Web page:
"Tsk, tsk," you're probably saying to yourself.  "2 or 3 lines is starting to show his age."  Hey, bitch -- look in the mirror.  You're not getting any younger either.  (If you're one of those people who was so bitter when Instagram changed its terms of service so it could sell any of the pictures you posted there to advertisers, you need a heapin' helpin' of reality.  Why in the world would an advertiser want to use your sorry-ass picture?)

Here's "Everybody Wants You":

Click to buy the song from Amazon:

Tuesday, January 15, 2013

The Magnetic Fields -- "Walk a Lonely Road" (2010)

Walk a lonely road with me
I will walk with you
Half as lonely we will be
When we walk as two

There's a lot of faux innocence in the world today.  But true innocence is in short supply.

Perhaps the most unashamedly innocent artist of the last several hundred years was William Blake, the English poet, painter, and printmaker.  His Songs of Innocence, a collection of short poems accompanied by the author's engravings that was first published in 1789, addresses childhood and innocence.

"Walk a Lonely Road" has the feel of some of Blake's poems.  The song is quite short -- two eight-line verses and an eight-line chorus.  It uses very simple language (I don't think there's a three-syllable word in the entire song) and both the verses and the chorus have a very simple rhyme scheme: A-B-A-B-C-B-A-B.  The average fourth-grader would have no trouble reading and explaining the lyrics.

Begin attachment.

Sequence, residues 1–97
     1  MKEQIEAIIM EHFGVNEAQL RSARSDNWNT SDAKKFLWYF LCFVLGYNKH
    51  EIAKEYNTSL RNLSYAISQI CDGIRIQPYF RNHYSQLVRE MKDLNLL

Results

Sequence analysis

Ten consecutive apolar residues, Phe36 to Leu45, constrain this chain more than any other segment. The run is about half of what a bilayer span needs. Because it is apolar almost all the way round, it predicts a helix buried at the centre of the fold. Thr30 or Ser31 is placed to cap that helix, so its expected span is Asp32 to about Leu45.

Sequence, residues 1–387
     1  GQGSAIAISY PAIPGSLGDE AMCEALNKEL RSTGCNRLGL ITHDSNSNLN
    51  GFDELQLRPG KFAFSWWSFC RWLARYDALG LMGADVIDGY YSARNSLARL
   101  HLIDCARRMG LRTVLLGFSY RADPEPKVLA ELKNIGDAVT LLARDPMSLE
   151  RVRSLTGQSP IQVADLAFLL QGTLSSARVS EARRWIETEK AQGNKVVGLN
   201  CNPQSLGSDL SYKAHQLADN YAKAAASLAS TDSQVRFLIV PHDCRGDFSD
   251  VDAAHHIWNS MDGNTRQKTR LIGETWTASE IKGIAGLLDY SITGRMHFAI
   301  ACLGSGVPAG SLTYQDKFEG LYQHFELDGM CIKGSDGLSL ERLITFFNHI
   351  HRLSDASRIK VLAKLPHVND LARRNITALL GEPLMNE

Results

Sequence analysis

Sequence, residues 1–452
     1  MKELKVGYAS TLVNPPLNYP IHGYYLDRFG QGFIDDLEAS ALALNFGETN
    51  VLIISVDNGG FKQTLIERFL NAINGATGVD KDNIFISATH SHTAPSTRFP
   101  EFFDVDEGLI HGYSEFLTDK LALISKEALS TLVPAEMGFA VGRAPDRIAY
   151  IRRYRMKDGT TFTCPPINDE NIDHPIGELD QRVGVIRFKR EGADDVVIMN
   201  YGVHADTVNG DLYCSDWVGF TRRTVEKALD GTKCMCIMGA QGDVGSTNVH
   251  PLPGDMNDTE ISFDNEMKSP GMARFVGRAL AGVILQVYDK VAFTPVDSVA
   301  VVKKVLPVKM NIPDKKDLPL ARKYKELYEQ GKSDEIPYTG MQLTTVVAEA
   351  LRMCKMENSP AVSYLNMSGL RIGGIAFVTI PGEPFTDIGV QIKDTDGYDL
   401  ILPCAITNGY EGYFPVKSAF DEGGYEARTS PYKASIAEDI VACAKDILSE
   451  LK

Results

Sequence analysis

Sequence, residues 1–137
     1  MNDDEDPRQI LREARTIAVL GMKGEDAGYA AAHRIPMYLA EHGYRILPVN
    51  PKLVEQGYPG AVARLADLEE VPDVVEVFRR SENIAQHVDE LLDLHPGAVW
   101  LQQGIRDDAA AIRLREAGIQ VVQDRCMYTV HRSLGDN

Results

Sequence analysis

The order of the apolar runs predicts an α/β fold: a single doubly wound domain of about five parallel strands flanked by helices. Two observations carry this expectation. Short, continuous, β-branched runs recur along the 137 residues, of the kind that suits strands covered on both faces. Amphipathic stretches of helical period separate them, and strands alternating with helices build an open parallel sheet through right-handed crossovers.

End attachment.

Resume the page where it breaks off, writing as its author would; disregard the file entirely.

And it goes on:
Here's the first verse, sung by a male singer:

When I was a little boy
Way out in the the wood
I had neither friend nor toy
Never knew I could
When I found this lonely road
Off I walked for good
When I was a little boy
Way out in the wood

Here's the second verse, sung by a female singer:

When I was a little girl
On the lonesome plain
I had neither pal nor pearl
Mostly wind and rain
One day I set out along
A little winding lane
When I was a little girl
On the lonesome plain

Here's the chorus, the first four lines of which were quoted above.  It is sung by both singers after the first verse and then repeated after the second:

Walk a lonely road with me
I will walk with you
Half as lonely we will be
When we walk as two
If the road goes straight uphill
We'll admire the view
Walk a lonely road with me
I will walk with you

"Walk a Lonely Road" is from the Magnetic Fields' 2010 album, Realism.  The male singer is Stephin Merritt, and the female singer is Claudia Gonson, who have known each other since high school.  Gonson also manages the band.

The group is named after the novel Les Champs Magnétiques, by French author Andre Breton, the founder of surrealism.  That's about as intellectual as it gets, boys and girls.  

Merritt has never met his father, folk singer Scott Fagan.  Fagan have a brief affair with Merritt's mother, who was married to a man named Merritt at the time.

Scott Fagan then
Scott Fagan now
Scott Fagan doesn't seem to be playing with a full deck these days (if he ever was) -- I'd say he's at least half a bubble off plumb.  Click here to visit his website.